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Flemish School From The End Of The 17th Century, The Judgment Of Solomon

Flemish School From The End Of The 17th Century, The Judgment Of Solomon

Object description :

"Flemish School From The End Of The 17th Century, The Judgment Of Solomon"
Flemish school late 17th - early 18th century
Circle of Peter Paul Rubens (Siegen 1577 - Antwerp 1640)

Solomon's Judgment

Oil on canvas, 51 x 67 cm.
with frame 63 x 78 cm.
Full details:

The painting depicts the episode of the Judgment of King Solomon, taken from the Book of Kings, in the Old Testament (I Kings, 3, 16-28).

The work derives from a print by Boetius Adams Bolswert (see details), which reproduces the "Judgment of Solomon" preserved in the Statens Museum for Kunst in Copenhagen (1), made largely by Rubens' workshop with some intervention by the master. According to historical sources, the prototype for the Copenhagen painting originating in Rubens, dated 1616 and now destroyed, was found in the court room of the Brussels City Hall, destroyed by bombing in the late 1600s.

The canvas is the work of a Flemish painter, active towards the end of the seventeenth century, who certainly approaches the manner of Rubens, but who detaches himself from the master for a greater impetuosity of the style, with thick impasto brush strokes, strong contrasts of light and shade and a rather intense coloring. This manner is very reminiscent of that of Flemish Jacob Jordaens, who began his career as Rubens' assistant.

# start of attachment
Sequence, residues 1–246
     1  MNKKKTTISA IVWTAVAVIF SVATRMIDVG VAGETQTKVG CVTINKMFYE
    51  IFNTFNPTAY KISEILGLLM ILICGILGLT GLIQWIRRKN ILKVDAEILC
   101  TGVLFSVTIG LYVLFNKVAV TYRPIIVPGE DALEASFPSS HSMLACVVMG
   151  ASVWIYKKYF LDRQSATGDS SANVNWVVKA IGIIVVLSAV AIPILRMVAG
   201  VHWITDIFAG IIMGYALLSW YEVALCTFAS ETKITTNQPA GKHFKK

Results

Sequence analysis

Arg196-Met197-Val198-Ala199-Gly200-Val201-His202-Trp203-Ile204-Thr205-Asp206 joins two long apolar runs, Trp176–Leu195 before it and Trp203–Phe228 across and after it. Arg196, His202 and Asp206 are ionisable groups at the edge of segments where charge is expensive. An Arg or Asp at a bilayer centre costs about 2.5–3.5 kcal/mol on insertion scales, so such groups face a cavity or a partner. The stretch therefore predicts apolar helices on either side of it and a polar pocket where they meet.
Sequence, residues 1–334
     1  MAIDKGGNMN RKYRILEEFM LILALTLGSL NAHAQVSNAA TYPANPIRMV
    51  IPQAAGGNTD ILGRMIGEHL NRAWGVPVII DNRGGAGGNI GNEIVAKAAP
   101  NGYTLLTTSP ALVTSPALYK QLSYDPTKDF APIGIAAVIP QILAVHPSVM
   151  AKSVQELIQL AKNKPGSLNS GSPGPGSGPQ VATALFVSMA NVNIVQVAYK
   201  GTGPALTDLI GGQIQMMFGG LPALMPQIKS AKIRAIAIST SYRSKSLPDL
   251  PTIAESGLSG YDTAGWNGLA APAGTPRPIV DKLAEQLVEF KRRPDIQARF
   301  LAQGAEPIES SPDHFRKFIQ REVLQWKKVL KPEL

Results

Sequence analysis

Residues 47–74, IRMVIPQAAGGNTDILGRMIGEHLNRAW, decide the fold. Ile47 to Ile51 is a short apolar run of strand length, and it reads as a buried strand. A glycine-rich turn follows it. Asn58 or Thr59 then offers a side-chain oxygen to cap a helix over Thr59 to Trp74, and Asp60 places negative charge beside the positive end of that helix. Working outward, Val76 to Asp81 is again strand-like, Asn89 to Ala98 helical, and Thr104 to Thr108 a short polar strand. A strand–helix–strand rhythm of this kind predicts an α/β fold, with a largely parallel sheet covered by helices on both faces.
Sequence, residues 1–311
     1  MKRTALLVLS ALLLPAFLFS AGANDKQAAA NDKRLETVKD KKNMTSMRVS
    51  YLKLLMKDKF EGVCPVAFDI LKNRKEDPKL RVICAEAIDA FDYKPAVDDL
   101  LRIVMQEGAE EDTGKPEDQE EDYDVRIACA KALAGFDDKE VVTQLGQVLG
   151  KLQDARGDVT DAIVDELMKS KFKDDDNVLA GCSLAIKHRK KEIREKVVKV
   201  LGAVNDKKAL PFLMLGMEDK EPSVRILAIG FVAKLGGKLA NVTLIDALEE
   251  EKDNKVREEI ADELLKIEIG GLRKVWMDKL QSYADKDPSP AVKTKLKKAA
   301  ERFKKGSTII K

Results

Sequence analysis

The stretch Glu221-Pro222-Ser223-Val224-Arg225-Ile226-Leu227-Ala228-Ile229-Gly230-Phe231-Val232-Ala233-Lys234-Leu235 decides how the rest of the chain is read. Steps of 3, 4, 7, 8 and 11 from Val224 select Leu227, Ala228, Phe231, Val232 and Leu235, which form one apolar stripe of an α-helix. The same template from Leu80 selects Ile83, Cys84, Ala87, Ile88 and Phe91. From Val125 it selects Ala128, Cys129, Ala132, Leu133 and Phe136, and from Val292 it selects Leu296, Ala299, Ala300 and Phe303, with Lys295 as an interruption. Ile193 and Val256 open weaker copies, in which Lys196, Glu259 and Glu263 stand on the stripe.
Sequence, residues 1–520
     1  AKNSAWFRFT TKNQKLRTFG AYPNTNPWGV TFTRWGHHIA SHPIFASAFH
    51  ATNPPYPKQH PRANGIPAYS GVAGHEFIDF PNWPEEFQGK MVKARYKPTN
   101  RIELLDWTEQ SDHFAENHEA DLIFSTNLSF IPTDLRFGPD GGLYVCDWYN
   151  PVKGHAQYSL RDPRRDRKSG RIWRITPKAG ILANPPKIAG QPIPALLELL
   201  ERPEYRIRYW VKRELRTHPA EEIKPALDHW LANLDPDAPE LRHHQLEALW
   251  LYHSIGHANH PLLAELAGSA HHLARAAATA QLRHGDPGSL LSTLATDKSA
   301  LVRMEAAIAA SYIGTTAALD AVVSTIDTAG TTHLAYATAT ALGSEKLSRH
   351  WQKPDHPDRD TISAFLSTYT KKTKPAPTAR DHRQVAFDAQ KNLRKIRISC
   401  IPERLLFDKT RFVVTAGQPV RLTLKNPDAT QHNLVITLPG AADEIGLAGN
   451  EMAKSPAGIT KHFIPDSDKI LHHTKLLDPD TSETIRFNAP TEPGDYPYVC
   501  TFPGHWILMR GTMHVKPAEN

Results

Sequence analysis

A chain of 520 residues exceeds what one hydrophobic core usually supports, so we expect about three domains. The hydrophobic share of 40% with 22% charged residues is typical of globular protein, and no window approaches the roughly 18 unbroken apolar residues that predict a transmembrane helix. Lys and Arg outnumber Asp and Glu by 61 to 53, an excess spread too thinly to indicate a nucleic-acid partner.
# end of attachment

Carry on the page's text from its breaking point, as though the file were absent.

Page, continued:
The subject of the painting sees the great king Solomon, known as one of the wisest politicians who have ever existed, called into question by two prostitutes, to establish who among them held the reason: living in the same house and having given birth both in the same period, the two women claimed the maternity of the newborn alive, and accusing each other of having given birth to the other, already dead.
The wisdom and sense of justice of King Solomon led him to order, in order not to wrong either of the two women, that the living child should be divided in two, so that each of the women could have one half of it. This order provoked the reaction of one of his mothers, who refused the verdict begging that rather the son was given alive and whole to the other, saving his life. Thanks to this reaction, Solomon understood which of the two was the real mother.

(1) Inventory no. KMSsp185: See

Excellent state of conservation.

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Flemish School From The End Of The 17th Century, The Judgment Of Solomon
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